You)", which finally allowed Franklin to show her gospel side. Tensions between Franklin's
then-husband and then-manager Ted White and a musician led to Franklin and White
hiding from public view in New York. Franklin eventually returned to the studio in New York to
record the b-side, the gospel-oriented "Do Right Woman". "I Never Loved a Man" soared up
both the pop and R&B charts upon its release peaking at number-nine and number-one
respectively. Her second single with Atlantic would also be her biggest, most acclaimed
work. "Respect", originally recorded and written by R&B singer Otis Redding, would become
a bigger hit after Franklin's gospel-fueled rendition of the song. The song also started a
pattern of Franklin in later songs during this period producing a call and response vocal with
Franklin usually backed up by her sisters Erma and Carolyn Franklin or The Sweet Inspirations.
Franklin is credited with arranging the background vocals and ad-libbing the line,
"r-e-s-p-e-c-t, find out what it means to me/take care of TCB", while her sisters shouted
afterwards, "sock it to me". Franklin's version peaked at number one on the Billboard Hot 100,
becoming a sixties anthem. Franklin had three more top ten hits in 1967 - "Baby I Love You",
"(You Make Me Feel Like) A Natural Woman" and "Chain of Fools". "Respect" later won
Franklin her first two Grammys. She eventually won eight consecutive Grammys under the
Best Female R&B Vocal Performance category.

By the end of the year, Franklin not only became a superstar but she stood as one of the
symbols of the civil rights movement partially due to her rendition of "Respect", which had a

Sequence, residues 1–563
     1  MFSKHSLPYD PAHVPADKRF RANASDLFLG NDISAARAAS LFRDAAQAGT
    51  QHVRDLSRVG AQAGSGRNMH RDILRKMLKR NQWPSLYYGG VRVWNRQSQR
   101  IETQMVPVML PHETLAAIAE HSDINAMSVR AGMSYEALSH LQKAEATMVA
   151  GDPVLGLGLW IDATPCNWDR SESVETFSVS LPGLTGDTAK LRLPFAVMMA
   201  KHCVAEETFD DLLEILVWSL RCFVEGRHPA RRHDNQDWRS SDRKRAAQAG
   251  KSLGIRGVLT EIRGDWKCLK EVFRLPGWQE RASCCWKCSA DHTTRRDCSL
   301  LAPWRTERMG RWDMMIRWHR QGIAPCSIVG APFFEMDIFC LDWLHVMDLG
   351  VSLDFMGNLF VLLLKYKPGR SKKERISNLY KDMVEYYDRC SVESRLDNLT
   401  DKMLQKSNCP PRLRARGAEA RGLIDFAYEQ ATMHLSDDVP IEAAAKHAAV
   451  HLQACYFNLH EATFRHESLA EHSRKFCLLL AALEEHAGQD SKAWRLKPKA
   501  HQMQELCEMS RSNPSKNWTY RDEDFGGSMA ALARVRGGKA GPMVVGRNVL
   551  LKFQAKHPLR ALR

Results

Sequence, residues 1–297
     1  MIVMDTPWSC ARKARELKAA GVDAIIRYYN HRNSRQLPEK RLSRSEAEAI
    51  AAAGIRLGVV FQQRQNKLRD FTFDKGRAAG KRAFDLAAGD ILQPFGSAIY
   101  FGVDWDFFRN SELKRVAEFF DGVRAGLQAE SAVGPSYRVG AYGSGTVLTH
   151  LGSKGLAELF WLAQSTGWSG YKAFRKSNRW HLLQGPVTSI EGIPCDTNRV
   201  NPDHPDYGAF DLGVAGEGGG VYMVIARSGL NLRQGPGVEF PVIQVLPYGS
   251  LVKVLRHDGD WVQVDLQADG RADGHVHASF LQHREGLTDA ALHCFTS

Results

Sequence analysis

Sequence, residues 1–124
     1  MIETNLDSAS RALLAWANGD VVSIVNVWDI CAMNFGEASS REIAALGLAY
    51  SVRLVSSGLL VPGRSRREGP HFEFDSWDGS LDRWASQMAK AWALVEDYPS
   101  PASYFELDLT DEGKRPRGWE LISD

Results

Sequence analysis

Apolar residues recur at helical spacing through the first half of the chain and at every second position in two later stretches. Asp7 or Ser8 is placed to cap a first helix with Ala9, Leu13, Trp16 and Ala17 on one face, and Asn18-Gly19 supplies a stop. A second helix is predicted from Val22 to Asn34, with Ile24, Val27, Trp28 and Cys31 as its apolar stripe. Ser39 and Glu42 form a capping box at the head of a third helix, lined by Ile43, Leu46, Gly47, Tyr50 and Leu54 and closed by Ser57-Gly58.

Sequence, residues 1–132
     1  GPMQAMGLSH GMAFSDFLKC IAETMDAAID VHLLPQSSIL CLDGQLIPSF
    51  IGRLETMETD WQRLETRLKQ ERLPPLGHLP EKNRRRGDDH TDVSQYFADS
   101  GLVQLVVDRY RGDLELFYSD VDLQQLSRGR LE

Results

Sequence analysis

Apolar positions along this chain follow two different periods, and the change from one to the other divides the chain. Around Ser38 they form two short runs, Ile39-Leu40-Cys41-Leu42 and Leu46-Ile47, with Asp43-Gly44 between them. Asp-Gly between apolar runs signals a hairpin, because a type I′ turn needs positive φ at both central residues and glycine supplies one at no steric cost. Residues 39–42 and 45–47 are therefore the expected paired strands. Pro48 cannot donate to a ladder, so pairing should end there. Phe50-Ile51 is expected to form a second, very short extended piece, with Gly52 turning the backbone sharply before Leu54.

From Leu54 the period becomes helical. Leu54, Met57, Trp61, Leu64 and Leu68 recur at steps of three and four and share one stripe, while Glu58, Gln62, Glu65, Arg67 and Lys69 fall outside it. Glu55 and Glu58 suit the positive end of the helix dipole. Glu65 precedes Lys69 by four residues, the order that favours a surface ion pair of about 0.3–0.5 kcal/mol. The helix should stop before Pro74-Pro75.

feminist-powered theme after Franklin recorded it. Franklin's other hits during the late sixties
included "Think", her rendition of Dionne Warwick's "I Say a Little Prayer", "Ain't No Way" and
"The House That Jack Built" among others. By the end of the sixties, Franklin's title as "the
queen of soul" became permanent in the eyes of the media. After a few struggles in 1969, she
returned with the ballad, "Call Me" in January 1970. That same year she had another hit with
her gospel version of Ben E. King's "Don't Play That Song", while in 1971, Franklin was one of
the first black performers to headline Fillmore West where she later released a live album.

That same year she released the acclaimed Young, Gifted & Black album, which featured
two top ten hits, the ballad "Daydreamin'" and the funk-oriented "Rocksteady". In 1972, she
released her first gospel album in nearly two decades with Amazing Grace. The album
eventually became her biggest-selling release ever, selling over two million copies and
becoming the best-selling gospel album of all time.

Aretha Franklin -  The Great American Songbook 2011



01. My Little Brown Book 3:19
02. Trouble In Mind 2:56
03. Try A Little Tenderness 3:16
04. It Ain't Necessarily So 2:53
05. How Deep Is The Ocean 2:48
06. Cold, Cold Heart 4:37
07. Love For Sale 2:32
08. How Glad I Am 2:33
09. Sklylark 2:53
10. This Bitter Earth 4:35
11. Ac-Cent-Tchu-Ate The Positive 2:17
12. What A Diff'rence A Day Made 3:33
13. Only The Lonely 4:55
14. Rock-A-Bye Your Baby With A Dixie Melody 2:24
15. God Bless The Child 3:03
16. Say It Isn't So 3:09
17. Are You Sure 2:41
18. That Lucky Old Son 3:17


Aretha Franklin - Soul '69 



01. Jump to It [Radio Mix]
02. A Deeper Love [Morales Radio Mix]
03. A Rose Is Still a Rose
04. Freeway of Love
05. Get It Right
06. It Hurts Like Hell
07. The Only Thing Missin' [Radio Mix]
08. Who's Zoomin' Who?
09. Willing to Forgive
10. Wonderful



Aretha Franklin - Unforgettable A Tribute To Dinah Washington


01. Unforgettable
02. Cold, cold heart
03. What a diff'rence a day made
04. Drinking again
05. Nobody knows the way I feel this morning
06. Evil gal blues
07. Don't say you're sorry again
08. This bitter earth
09. If I should lose you
10. Soulville
11. Lee cross



Aretha Franklin - Let Me In Your Life 



01. Let Me in Your Life
02. Every Natural Thing
03. Ain't Nothing Like the Real Thing
04. I'm in Love
05. Until You Come Back to Me
06. The Masquerade is Over
07. With Pen In Hand
08. Oh Baby
09. Eight Days On the Road
10. If You Don't Think
11. A Song For You